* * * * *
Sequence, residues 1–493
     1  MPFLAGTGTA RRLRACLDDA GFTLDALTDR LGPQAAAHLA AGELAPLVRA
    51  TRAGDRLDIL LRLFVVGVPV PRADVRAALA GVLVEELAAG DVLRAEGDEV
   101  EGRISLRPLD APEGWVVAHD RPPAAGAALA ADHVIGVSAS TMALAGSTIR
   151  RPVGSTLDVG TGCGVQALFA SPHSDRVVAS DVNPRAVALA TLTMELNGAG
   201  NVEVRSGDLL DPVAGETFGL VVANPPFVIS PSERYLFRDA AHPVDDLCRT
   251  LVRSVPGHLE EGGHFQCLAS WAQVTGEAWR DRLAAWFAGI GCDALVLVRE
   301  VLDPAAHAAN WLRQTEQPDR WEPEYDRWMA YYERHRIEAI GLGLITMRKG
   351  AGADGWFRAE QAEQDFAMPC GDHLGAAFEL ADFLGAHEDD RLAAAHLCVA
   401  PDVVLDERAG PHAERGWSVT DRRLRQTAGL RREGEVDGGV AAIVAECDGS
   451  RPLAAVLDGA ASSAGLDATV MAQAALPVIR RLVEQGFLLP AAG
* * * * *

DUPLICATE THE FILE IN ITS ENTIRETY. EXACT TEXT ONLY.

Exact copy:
Sequence, residues 1–493
     1  MPFLAGTGTA RRLRACLDDA GFTLDALTDR LGPQAAAHLA AGELAPLVRA
    51  TRAGDRLDIL LRLFVVGVPV PRADVRAALA GVLVEELAAG DVLRAEGDEV
   101  EGRISLRPLD APEGWVVAHD RPPAAGAALA ADHVIGVSAS TMALAGSTIR
   151  RPVGSTLDVG TGCGVQALFA SPHSDRVVAS DVNPRAVALA TLTMELNGAG
   201  NVEVRSGDLL DPVAGETFGL VVANPPFVIS PSERYLFRDA AHPVDDLCRT
   251  LVRSVPGHLE EGGHFQCLAS WAQVTGEAWR DRLAAWFAGI GCDALVLVRE
   301  VLDPAAHAAN WLRQTEQPDR WEPEYDRWMA YYERHRIEAI GLGLITMRKG
   351  AGADGWFRAE QAEQDFAMPC GDHLGAAFEL ADFLGAHEDD RLAAAHLCVA
   401  PDVVLDERAG PHAERGWSVT DRRLRQTAGL RREGEVDGGV AAIVAECDGS
   451  RPLAAVLDGA ASSAGLDATV MAQAALPVIR RLVEQGFLLP AAG